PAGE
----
Monday, May 26, 2008

Bad demographics?

In an article ("The Future of American Power") in the May/June issue of Foreign Affairs, Fareed Zakaria observes that the aging of populations in Europe and much of Asia has three malign effects: it increases pension burdens, decreases scientific innovation (because most scientists and inventors do their best work between ages 30 and 44), and reduces national savings and investment rates. (He also could have added that strains on health care systems increase.) "For advanced industrialized countries, bad demographics are a killer disease," he asserts (p.35).

He neglects to note, however, that aging (and therefore shrinking) populations also might have some beneficial effects: reduced traffic congestion and reduced consumption of fossil fuels and other resources, to name two.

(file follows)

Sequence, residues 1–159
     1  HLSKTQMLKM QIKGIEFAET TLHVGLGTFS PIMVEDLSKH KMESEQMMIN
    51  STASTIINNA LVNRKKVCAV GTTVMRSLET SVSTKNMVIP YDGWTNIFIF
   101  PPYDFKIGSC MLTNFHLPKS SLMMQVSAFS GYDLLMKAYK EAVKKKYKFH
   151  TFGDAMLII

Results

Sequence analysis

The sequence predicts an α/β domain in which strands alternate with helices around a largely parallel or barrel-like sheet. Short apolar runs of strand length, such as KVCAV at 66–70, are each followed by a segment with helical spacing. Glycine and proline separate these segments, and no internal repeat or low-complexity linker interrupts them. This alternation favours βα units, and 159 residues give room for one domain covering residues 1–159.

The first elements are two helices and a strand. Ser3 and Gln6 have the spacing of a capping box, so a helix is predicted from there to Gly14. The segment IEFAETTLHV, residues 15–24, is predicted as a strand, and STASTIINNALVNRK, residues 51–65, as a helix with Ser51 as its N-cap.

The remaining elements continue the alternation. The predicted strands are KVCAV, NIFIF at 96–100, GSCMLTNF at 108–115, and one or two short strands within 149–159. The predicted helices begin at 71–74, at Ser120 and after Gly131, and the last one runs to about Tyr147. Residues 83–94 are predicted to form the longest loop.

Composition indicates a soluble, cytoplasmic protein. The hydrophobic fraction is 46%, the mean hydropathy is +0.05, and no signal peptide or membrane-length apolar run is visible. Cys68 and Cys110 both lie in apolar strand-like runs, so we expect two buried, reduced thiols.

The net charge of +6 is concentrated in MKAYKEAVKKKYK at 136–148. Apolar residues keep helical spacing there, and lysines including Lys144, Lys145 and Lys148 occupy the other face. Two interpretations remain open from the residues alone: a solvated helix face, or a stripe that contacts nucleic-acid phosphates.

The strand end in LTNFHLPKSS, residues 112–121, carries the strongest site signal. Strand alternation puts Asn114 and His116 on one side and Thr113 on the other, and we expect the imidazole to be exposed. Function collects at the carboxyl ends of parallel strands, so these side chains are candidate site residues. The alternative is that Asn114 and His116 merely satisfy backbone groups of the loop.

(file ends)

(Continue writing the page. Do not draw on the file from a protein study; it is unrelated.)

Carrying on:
Zakaria's main argument in the piece (drawn from his recently published book The Post-American World) is that America's economy and society are resilient and flexible, but its political system is broken. He's certainly right on the last point. He also contends, unsurprisingly but correctly, that the U.S. must accommodate itself to the diffusion of cultural and economic power to other countries: i.e., accept "the rise of the rest," don't try to resist it. But when it comes to economics, Zakaria is basically a defender of the neoliberal version of capitalism (see, e.g., his discussion of corporate taxation), so if you pick up the book don't expect anything too enlightened on that score.

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